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Role of thromboelastography in the management of haemorrhage: an observational analysis

Introduction

The aim of this analysis is to explore and evaluate the role of thromboelastography (TEG) in aiding the management of patients admitted with haemorrhage to the ICU. TEG has been shown to rationalise and reduce transfusion requirements [1] but the precise role of TEG in the assessment and management of haemostasis in the bleeding patient is uncertain and has not been previously demonstrated.

Methods

A prospective audit of TEG analyses performed on patients in the general medical and surgical ICU was recorded over a 2-month period. Operators documented the reason for admission, demographic data, indication for TEG, laboratory results, blood gas analysis, TEG results, diagnosis and subsequent action from the TEG result. Only patients who had been admitted with haemorrhage were included in this analysis.

Results

Seventy-eight audit sheets were completed, of which 31 identified haemorrhage as the reason for admission. The mean age was 59.3 (range 21 to 90) and the mean APACHE II score was 18.23 (range 11 to 37). The main indications for TEG analysis included coagulopathy (64%) and ongoing haemorrhage (45%). As a result of performing TEG analysis, 23 (74%) patients had a documented change in their management. Ten patients did not require any further administration of blood products, which they would have received based on conventional laboratory results. The information gained from TEG also resulted in the omission of anticoagulation in three patients, and with a further two patients anticoagulation increased.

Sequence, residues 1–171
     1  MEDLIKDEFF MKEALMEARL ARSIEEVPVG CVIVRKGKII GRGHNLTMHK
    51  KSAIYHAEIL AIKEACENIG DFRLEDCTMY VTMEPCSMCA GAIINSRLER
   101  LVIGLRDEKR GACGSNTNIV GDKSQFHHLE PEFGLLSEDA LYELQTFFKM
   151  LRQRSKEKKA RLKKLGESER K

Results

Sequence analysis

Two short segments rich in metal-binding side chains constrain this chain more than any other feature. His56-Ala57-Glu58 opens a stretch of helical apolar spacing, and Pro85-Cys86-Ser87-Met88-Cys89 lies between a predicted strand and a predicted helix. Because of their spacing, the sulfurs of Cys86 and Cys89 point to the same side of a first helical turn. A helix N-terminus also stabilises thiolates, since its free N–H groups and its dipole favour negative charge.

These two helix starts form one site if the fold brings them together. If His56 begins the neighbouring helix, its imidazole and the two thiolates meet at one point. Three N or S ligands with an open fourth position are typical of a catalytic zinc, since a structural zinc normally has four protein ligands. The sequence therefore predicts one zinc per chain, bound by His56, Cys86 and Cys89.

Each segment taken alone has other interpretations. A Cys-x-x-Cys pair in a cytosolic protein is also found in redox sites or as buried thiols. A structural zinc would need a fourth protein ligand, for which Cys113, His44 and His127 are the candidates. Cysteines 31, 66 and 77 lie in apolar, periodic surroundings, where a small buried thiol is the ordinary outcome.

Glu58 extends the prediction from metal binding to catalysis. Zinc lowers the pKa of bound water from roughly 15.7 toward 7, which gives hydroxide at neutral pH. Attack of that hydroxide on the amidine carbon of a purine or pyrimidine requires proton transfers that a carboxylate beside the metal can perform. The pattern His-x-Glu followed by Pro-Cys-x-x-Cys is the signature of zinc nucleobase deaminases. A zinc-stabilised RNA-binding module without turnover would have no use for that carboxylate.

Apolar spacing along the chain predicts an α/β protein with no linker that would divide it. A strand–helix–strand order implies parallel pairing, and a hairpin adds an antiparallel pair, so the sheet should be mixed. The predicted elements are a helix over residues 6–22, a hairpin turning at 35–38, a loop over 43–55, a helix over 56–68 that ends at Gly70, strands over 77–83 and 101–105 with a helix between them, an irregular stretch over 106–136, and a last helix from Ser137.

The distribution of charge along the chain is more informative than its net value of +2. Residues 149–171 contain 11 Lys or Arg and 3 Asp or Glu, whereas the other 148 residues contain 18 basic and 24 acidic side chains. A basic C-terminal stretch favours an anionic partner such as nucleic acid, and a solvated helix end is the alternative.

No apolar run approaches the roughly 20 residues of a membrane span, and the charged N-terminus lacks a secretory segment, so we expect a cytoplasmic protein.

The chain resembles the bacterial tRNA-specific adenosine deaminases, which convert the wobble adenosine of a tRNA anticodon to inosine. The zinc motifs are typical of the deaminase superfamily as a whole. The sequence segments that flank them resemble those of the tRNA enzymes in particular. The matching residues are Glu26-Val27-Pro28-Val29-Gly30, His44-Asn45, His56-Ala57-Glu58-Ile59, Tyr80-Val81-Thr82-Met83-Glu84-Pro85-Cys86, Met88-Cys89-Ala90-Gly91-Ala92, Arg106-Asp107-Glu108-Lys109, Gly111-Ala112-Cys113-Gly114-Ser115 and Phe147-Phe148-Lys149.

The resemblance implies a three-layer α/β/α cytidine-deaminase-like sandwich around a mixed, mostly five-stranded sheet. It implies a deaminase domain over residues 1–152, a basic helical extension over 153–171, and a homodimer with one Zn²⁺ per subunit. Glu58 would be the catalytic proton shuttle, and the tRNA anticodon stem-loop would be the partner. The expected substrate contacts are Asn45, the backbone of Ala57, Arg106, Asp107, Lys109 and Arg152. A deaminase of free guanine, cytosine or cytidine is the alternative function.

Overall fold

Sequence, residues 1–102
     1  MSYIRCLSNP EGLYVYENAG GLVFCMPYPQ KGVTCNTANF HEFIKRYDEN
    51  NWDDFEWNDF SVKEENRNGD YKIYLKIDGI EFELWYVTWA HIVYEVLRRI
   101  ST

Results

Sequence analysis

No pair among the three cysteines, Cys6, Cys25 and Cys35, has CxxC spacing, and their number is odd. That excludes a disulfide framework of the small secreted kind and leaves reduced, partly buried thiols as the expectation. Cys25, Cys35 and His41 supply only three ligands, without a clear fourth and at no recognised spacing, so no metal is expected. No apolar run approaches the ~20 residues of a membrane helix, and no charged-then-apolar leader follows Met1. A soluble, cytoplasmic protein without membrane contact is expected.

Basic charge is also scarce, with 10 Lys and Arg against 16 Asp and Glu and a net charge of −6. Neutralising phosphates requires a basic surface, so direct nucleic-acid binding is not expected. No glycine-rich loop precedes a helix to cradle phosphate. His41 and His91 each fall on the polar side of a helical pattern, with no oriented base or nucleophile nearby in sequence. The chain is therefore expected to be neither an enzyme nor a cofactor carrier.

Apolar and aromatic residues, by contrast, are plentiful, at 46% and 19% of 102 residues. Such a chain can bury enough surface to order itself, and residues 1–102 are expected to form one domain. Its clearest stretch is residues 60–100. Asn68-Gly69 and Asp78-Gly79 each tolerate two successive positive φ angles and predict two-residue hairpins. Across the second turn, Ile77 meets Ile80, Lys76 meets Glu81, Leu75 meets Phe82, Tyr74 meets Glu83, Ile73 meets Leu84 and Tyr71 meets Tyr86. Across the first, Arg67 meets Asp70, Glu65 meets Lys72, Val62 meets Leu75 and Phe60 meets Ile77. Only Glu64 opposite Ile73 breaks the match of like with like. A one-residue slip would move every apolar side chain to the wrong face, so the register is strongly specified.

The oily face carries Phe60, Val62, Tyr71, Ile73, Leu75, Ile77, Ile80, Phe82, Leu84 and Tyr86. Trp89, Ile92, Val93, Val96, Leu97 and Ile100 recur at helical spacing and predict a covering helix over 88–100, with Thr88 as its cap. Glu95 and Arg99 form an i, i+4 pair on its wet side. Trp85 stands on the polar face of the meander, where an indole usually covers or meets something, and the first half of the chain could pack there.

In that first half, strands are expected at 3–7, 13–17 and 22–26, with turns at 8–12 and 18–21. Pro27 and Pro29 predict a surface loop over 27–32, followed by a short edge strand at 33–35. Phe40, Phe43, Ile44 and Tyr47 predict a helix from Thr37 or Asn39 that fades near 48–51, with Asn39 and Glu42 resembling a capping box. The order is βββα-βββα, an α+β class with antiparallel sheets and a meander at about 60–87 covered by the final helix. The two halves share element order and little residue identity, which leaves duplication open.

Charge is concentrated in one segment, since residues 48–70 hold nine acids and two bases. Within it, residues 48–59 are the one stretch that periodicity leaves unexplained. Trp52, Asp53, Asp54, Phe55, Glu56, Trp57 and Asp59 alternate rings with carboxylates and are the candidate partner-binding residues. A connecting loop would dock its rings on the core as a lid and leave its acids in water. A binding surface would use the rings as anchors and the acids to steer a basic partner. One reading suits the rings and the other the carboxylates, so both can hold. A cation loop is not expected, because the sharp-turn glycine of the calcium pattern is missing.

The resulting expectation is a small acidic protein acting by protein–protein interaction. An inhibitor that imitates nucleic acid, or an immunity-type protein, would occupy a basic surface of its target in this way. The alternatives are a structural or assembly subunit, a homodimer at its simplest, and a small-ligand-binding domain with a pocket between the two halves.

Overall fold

Conclusion

TEG aids prompt rationalisation of blood products and titration of anticoagulation in the bleeding patient. TEG identifies a number of patients who required administration of platelets and other procoagulants which would not have been identified by conventional methods. Several patients would have also received inappropriate transfusions which has both cost and resource implications, alongside the potential adverse effects on patients. We recognise that further research is needed to clarify the overall efficacy of TEG in the bleeding patient.

References

  1. 1.

    Bollinger D, et al: Principles and practice of thromboelastography in clinical coagulation management and transfusion practice. Transfusion Med Rev. 2012, 1-13. 26

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Ward, C., Aron, J., Gibbon, A. et al. Role of thromboelastography in the management of haemorrhage: an observational analysis. Crit Care 19, P343 (2015). https://doi.org/10.1186/cc14423

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Keywords

  • Blood Product
  • Laboratory Result
  • Potential Adverse Effect
  • Transfusion Requirement
  • Observational Analysis
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